Monday, January 12, 2015

What is Dialectical Behavioural Therapy?

Dialectical behaviour therapy (DBT) is a special type of cognitive behavioural therapy that was developed to help treat those with borderline personality disorders. It was first introduced by psychologist Marsha M Linehan in the 1980s and is also used to treat other types of health disorders.

This type of treatment is a cognitive-behavioural approach that emphasizes psychosocial aspects of treatment that will help those that are more sensitive to emotional situations in relation to romance, family, friendships and relationships.

Dialectical behaviour theory suggests that some people’s arousal levels in certain situations can be increased to a much higher rate than the average persons, which creates a great level of mental stimulation, leading to long periods of time to return to baseline arousal levels. Sometimes, people that are diagnosed with borderline personality disorder experience extreme swings in their personal emotions, and could somewhat be viewed to be jumping from one crisis to another. As many people are unable to understand their emotions and reactions, they do not have many choices when it comes to coping with these sudden surges of emotion. The introduction and use of DBT has made it possible for people to get help, and successfully resolve or contain their emotional spurts.


Characteristics of DBT

There are a few main characteristics to consider when it comes to this type of therapy. Firstly, support-orientated help can be employed to help a person identify their strengths and help them build upon what they have recognised, consequently leading to the ability to feel better about themselves.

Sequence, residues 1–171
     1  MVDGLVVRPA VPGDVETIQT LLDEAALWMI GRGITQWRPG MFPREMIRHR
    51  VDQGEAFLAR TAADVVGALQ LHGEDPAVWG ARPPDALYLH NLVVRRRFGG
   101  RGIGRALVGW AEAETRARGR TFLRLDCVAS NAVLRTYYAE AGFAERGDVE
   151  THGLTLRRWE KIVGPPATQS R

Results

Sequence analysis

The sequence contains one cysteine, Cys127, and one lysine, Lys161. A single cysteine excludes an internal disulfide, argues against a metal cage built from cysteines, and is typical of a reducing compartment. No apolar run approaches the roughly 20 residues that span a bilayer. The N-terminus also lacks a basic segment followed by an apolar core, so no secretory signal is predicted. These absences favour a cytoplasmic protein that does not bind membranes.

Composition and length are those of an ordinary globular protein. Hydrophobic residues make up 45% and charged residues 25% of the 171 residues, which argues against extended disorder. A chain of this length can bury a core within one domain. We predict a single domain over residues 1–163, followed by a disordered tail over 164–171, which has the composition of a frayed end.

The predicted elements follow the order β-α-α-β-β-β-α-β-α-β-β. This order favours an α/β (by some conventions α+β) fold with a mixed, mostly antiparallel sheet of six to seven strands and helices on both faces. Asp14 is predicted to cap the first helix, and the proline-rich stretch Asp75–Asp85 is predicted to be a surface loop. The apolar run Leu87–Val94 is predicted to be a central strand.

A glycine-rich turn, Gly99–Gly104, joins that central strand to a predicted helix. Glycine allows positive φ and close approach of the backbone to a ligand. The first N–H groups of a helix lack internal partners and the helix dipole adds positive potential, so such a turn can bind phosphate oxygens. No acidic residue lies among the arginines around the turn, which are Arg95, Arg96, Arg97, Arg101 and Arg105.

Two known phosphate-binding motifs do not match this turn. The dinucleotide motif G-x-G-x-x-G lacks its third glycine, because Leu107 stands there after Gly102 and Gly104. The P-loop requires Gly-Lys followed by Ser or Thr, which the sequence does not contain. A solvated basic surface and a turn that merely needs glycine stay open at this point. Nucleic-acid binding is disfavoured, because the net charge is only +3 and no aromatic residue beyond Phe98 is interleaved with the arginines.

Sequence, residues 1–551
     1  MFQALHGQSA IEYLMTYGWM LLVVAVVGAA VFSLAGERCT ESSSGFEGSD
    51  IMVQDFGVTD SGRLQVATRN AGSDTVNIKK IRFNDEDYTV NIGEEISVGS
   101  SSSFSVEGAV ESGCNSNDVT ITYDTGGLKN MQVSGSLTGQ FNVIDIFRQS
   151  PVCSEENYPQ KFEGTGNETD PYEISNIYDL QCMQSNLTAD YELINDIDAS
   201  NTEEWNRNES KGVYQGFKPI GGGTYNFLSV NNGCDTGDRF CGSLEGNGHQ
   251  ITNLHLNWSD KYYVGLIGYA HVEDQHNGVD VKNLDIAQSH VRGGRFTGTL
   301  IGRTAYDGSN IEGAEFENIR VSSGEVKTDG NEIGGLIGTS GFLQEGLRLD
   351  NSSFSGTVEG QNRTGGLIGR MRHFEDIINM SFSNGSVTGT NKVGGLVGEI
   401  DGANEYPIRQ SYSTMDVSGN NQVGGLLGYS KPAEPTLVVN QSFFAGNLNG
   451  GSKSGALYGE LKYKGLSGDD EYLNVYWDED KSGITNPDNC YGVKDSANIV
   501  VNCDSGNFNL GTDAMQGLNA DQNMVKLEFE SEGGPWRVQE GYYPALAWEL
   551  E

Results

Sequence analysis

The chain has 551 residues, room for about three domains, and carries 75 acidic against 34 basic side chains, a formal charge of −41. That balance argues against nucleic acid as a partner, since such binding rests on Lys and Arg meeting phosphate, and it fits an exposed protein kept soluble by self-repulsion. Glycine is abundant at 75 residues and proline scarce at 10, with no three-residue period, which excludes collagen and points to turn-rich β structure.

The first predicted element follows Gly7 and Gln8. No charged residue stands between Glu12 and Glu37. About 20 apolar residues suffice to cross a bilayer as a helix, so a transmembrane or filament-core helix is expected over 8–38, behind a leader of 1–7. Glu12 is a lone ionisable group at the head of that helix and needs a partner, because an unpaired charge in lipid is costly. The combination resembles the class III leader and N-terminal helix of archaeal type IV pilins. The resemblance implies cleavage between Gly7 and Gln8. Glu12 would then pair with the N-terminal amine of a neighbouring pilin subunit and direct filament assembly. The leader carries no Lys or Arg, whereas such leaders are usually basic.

The next characteristic is a cognitive-based view that helps identify thoughts, beliefs and assumptions that seem to make harder. Some of the thoughts clients may feel include anger, frustration, feeling the need to be perfect at things, thinking of ways for life to be more bearable and much more.

Finally, the collaborative characteristic requires close attention to relationships between staff and clients. This will encourage clients to work out their problems in relationships, while the therapist will help. Dialectic behavioural therapy will ask people to complete homework assignments and role play interaction with others, as well as learning skills to help you sooth yourself when upset. These skills are incredibly important and can be taught over weeks, reviewed as homework and referred to in group sessions.

Sessions to help clients that wish to experience the benefits of DBT are able to combine individual weekly sessions with group talks that will soon have positivity running through your mind, helping you to overcome the issues you are concerned about.

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